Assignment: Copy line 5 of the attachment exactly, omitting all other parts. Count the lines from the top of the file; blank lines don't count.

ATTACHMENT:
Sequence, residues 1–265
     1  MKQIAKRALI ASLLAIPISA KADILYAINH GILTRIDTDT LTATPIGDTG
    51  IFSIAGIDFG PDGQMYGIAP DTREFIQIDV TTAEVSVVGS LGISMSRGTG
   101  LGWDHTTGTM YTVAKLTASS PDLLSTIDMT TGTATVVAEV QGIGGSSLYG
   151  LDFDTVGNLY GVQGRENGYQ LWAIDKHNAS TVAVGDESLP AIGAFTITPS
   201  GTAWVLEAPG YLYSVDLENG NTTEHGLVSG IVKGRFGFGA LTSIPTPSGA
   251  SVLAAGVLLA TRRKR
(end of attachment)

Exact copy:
   151  LDFDTVGNLY GVQGRENGYQ LWAIDKHNAS TVAVGDESLP AIGAFTITPS